Sea Turtle Season starts in the Gulf Coast: May 1 to October 31



Leatherback Sea Turtle (credit: Sea Turtle Conservancy)

Leatherback Sea Turtle (credit: Sea Turtle Conservancy)

Look out for sea turtles on your Florida Vacation

Sea turtle season starts 2 months later on the Gulf coast, but as of today, it’s time to be aware of Florida’s sea turtles and their coastal habitats. As you enjoy your time on the beach, know that you are sharing it with sea turtles and that this important nesting area is vital to their survival.

Light Disturbance

Lights disturb nesting turtles and hatchlings so make sure you keep lighting to a minimum by following these tips:

  • don’t use flashlights or flash settings on your camera if you’re on the beach during the evening
  • remove any items from the beach, such as beach chairs or umbrellas
  • remove any trash when you leave the beach, especially plastic bags and other non-degradable pollutants – they cause many deaths for sea turtles (watch the video below)
  • close blinds or drapes if you have lights on inside that can shine onto the beach
  • turn off porch lights and shield lights

If you see a nesting sea turtle

Nesting turtles are in a vulnerable state so don’t shine lights of any kind on or near her as there’s a danger that she could abandon the nest. If you are staying to watch, make sure you remain behind her and out of her sight.And if she crawls back to the water, stay out of her way!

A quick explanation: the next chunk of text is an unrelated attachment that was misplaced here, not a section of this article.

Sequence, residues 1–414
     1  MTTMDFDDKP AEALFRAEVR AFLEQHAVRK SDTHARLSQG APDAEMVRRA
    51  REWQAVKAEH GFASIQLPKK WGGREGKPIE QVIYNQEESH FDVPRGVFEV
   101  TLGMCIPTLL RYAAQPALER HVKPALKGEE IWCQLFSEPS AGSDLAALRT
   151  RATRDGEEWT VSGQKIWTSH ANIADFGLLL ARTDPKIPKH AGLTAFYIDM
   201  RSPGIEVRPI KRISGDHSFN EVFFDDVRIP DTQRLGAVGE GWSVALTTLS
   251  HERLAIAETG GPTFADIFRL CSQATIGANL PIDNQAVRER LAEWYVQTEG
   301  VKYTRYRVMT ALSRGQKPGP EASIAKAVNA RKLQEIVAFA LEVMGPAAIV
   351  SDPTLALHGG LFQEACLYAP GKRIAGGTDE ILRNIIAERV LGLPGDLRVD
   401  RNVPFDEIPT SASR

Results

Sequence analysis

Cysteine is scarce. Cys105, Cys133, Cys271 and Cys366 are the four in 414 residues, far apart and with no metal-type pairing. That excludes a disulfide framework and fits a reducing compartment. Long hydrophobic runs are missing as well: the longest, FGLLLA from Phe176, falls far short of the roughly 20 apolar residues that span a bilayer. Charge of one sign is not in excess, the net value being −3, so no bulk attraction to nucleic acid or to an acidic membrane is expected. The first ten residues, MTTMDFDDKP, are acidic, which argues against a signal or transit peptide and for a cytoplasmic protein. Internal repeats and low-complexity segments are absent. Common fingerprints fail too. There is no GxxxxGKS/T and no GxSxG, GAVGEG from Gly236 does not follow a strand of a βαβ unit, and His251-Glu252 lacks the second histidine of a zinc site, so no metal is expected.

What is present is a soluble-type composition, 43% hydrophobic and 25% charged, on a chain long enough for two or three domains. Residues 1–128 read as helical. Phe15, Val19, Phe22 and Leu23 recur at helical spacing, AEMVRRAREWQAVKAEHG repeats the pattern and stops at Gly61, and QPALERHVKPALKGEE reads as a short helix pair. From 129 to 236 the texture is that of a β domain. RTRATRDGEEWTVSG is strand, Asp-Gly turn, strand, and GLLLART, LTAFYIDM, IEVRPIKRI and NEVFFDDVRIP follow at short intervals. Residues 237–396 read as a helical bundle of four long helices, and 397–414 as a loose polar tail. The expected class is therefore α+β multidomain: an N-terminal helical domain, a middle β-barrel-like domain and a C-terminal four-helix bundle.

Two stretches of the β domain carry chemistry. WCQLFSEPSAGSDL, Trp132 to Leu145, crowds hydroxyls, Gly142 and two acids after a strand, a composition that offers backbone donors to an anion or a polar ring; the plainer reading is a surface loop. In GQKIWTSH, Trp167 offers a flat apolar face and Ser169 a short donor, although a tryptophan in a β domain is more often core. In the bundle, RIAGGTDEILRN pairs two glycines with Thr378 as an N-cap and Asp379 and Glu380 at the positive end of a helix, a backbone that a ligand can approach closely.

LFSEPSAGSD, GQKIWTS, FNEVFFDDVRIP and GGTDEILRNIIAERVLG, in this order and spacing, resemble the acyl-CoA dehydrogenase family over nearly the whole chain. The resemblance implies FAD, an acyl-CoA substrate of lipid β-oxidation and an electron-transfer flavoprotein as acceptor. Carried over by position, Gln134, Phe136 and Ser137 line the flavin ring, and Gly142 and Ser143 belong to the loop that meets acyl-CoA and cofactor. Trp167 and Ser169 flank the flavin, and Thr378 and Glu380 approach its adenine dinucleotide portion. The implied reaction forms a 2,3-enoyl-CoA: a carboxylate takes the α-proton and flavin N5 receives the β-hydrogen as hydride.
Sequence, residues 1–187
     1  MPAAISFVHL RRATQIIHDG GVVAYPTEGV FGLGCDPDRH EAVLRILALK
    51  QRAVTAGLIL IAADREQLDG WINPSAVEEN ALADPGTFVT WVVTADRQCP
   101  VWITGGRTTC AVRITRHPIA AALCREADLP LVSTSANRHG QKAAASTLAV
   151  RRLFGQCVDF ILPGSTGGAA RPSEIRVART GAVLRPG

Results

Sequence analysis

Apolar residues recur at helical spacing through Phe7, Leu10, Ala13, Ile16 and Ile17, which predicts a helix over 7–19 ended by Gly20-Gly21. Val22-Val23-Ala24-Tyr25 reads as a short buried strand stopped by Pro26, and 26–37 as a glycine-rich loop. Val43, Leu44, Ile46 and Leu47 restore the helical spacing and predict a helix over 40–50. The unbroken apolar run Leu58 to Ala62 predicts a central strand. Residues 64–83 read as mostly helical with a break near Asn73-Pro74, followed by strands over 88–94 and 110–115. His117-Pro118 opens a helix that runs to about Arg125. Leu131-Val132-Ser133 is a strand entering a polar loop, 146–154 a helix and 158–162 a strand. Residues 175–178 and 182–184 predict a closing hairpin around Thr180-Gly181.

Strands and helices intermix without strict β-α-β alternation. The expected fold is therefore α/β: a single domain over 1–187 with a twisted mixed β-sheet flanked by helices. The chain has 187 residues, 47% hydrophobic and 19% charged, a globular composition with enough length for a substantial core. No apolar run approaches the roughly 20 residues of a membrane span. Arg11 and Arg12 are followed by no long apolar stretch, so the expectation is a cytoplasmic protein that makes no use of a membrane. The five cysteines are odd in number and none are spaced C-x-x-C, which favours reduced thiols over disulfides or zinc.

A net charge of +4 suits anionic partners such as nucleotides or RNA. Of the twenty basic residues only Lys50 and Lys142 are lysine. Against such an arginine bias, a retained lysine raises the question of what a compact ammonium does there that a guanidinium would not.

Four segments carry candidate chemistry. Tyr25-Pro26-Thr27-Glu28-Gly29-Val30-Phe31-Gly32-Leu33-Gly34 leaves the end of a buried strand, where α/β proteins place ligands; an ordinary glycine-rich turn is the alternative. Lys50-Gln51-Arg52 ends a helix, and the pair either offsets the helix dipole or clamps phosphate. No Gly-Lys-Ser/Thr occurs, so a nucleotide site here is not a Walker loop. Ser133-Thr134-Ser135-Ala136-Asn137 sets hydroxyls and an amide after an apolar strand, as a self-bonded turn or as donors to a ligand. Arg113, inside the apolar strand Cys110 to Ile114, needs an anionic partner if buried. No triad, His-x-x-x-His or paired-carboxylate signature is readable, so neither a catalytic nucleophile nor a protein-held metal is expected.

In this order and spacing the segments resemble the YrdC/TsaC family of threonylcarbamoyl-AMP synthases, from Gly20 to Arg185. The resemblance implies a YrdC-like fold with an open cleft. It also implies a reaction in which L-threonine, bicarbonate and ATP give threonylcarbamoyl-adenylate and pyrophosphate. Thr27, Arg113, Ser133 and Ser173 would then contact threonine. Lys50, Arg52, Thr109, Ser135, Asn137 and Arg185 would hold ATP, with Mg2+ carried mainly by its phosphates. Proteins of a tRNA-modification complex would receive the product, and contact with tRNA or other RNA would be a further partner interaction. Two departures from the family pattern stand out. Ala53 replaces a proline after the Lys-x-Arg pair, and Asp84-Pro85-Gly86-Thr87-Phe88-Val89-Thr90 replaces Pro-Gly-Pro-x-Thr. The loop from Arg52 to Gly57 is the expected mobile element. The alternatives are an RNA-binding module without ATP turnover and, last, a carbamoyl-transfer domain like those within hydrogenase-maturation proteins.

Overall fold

If you see a hatchling wandering in daylight

During the day, a hatchling should not be on the sand – place it on moist sand and in a dry container, and keep it in the shade. Call Turtle Time right away (239-481-5566) for the next steps. If you’re out of Turtle Time’s region, call Florida Fish and Wildlife Conservation Commission (FWCC) at 1-888-404-FWCC.

The Law

If you touch, disturb or disrupt nesting sea turtles, their nests or hatchlings as they’re making their way to sea, you are breaking the law. Sea turtles are under both federal and state law protection.

Their Survival

The loggerhead sea turtle, the most common in Florida, is classified as threatened due to pollution, nesting habitat loss, shrimp net drowning and beaches that are lit up at night. Please do your part to help in their preservation. You can visit the Turtle Time website to view the nest data - they are a Florida state-permitted non-profit organization that patrol nesting areas and monitor sea turtle activity from Fort Myers Beach to Lee-Collier County.

The Video

Tell us…

Has your love of sea turtles increased ever since you watched Finding Nemo?